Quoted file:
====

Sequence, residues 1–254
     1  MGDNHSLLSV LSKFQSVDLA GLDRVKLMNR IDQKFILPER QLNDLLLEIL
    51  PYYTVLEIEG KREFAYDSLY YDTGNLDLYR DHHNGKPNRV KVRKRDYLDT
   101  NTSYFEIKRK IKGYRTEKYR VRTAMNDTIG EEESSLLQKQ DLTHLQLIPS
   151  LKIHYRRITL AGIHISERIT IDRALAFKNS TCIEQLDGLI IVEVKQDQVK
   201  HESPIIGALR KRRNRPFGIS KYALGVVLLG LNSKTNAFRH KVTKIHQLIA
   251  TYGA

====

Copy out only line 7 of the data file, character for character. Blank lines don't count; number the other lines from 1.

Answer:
   251  TYGA